When we think about the “Early Church,” we mean three distinctive periods of Christian history: (1) The Apostolic Christian Community = from time of Jesus’ Death/Resurrection until around the year 100. (2) The Greco-Roman Christian Church as distinct from Judaism from around 100 to 313 (Edict of Milan); and (3)The Post Constantinian Church until 476 (Fall of Rome).

Each historic period challenges us today and asks us specific questions.

The APOSTOLIC COMMUNITY was really a community of those following the way of Jesus after the Resurrection. The word “ekklesia” used at this time should not be translated as “church,” but rather as “the assembly” or “community” of believers. Those early Christians had great freedom to structure their lives, since they understood that the historic Jesus did not ordain anyone nor did he lay down any “blueprint for the church.” Ministries were shared by men and women, even the ministry of presiding at the Eucharist.

The big question for us today: how do we regain the Apostolic Community sense of freedom to be creative in church structure and to share equally as men and women in all ministries? They did it back then. Why can’t we do it today?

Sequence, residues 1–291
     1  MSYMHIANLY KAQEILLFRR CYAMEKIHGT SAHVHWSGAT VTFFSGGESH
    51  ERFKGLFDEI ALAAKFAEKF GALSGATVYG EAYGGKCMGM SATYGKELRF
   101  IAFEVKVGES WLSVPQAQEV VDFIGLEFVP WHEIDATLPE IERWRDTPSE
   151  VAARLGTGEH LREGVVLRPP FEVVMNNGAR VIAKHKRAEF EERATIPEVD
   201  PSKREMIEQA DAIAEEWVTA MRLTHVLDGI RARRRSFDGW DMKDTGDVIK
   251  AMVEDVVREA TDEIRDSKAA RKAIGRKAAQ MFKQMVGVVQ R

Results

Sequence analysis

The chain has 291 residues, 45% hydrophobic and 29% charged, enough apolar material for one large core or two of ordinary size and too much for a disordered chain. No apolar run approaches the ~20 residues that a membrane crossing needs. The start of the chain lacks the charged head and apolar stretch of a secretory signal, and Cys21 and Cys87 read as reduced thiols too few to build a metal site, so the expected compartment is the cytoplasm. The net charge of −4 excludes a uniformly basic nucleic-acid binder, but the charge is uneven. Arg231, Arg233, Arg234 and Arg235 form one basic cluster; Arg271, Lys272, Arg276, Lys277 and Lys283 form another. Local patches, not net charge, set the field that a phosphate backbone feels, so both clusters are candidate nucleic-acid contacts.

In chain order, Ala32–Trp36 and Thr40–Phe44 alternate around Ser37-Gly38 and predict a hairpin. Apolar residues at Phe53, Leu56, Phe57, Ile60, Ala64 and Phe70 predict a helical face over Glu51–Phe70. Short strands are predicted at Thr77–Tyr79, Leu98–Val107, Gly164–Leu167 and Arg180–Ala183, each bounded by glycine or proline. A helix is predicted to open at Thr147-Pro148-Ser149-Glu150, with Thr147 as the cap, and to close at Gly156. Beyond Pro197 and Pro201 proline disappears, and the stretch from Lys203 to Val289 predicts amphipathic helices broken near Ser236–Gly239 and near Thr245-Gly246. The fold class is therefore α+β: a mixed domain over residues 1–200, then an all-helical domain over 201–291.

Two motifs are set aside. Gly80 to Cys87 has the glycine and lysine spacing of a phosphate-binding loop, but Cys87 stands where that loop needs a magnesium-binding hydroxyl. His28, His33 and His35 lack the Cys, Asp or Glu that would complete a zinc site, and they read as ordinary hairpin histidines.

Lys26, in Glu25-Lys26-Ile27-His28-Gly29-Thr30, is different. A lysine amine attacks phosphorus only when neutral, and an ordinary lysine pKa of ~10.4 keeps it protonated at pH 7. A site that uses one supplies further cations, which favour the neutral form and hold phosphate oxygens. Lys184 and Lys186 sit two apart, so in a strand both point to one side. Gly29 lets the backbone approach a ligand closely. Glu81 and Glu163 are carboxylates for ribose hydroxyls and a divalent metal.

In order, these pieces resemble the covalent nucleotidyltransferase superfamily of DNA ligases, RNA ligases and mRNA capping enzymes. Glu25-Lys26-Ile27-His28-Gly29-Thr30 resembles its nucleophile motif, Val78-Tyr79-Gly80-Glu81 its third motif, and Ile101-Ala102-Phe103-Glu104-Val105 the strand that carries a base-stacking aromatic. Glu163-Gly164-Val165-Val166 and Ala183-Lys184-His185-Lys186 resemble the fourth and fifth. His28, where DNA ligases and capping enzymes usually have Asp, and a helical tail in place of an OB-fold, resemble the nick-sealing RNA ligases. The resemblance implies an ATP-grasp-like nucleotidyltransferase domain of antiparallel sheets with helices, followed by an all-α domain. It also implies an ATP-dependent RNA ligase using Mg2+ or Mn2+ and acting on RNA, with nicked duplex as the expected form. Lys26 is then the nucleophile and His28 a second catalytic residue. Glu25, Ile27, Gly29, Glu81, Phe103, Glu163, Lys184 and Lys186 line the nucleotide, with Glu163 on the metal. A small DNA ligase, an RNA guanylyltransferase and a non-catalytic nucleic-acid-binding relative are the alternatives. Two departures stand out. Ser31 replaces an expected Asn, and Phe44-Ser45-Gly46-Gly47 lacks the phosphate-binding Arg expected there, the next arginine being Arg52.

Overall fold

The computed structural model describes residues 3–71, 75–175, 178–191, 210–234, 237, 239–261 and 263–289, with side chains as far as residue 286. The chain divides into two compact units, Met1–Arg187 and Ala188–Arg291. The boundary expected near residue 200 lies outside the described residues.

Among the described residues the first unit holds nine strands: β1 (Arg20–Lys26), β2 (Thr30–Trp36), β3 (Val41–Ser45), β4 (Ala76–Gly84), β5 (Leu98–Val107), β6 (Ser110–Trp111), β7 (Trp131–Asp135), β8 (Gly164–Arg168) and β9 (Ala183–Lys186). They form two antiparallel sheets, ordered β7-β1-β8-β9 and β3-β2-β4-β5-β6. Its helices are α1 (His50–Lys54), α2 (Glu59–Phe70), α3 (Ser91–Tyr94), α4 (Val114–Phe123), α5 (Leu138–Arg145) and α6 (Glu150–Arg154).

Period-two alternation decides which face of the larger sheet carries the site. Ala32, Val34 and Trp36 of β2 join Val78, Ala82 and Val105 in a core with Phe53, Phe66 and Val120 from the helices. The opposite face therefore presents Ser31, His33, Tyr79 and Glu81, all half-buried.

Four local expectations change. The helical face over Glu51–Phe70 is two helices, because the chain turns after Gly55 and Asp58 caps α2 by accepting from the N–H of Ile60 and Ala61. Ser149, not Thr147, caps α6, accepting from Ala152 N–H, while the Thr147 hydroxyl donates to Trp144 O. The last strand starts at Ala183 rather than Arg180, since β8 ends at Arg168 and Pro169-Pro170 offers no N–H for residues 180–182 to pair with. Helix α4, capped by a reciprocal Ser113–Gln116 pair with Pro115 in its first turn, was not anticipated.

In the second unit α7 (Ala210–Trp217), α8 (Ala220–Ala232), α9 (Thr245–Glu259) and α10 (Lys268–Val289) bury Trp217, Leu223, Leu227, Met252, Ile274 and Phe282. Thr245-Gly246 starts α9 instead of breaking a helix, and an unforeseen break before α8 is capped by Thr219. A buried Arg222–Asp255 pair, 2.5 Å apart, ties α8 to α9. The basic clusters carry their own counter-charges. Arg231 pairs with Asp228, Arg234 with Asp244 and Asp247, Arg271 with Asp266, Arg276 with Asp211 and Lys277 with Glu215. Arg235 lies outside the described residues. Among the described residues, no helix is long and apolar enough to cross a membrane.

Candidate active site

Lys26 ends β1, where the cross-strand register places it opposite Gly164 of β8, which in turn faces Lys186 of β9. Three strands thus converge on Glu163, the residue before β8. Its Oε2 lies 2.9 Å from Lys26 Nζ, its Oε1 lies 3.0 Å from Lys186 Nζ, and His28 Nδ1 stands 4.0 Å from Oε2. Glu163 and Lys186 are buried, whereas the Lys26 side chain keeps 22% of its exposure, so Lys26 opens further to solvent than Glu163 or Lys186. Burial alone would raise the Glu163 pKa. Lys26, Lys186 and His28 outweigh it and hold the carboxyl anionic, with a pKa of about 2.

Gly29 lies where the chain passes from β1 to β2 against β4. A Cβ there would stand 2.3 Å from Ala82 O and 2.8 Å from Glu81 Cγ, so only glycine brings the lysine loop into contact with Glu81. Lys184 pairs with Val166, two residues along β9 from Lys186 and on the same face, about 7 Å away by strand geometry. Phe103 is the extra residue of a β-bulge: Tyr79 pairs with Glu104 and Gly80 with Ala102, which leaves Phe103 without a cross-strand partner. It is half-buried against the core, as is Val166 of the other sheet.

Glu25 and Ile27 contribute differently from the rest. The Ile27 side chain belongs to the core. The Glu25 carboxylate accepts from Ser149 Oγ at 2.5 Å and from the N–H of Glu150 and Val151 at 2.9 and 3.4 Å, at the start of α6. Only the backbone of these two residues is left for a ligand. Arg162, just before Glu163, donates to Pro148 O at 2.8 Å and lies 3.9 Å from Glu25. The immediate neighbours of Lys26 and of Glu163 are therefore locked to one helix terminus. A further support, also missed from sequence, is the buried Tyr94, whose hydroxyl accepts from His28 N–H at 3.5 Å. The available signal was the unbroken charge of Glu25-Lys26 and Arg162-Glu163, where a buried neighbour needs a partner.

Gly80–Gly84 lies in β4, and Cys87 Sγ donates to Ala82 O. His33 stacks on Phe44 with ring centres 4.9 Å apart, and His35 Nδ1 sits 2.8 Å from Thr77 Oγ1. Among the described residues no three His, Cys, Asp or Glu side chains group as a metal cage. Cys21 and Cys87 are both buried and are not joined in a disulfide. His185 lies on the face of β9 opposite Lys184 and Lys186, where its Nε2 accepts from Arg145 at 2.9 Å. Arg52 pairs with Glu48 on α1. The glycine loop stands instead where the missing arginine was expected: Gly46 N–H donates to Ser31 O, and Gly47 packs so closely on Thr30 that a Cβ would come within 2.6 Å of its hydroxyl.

In the GRECO-ROMAN period, we see a growing separation between the ordained and the non-ordained to maintain “holy order,” and gradual limitations being established on the roles of women in the Christian community. The questions this history asks us are clear: why did they separate the community into clerical and lay classes and why the limitations on women? Who influenced their thinking back then? Who influences our thinking today? Was it good back then? Is it good today?

In the POST CONSTANTINIAN CHURCH, the identity of the Christian church institution changes dramatically. Christianity becomes the official religion of the Roman Empire and the church as institution takes over the Roman governmental structure (like having “dioceses” for instance) and Roman imperial court liturgy! (We still see remnants of that in today’s papal ceremonies.)

In this historic period as well: bishops become not just church leaders regional judges; liturgy and sacraments become more standardized; women are edged to the back of the church; and we see the start of a real and powerful clerical culture. And yes – the once pacifist church becomes militarized and, within five hundred years, will launch wars against Muslims.

The Post Constantinian Church asks us some big contemporary questions: Is it healthy for Christian belief when the church and the state become the same thing? Is it healthy when a powerful clerical caste speaks and behaves like it alone is the church? What happened to our understanding of the church as the people of God? And what happened to the church as a prophetic voice for peace and understanding?

May we all listen to our history, reflect on its questions, and find good answers…..

— Jack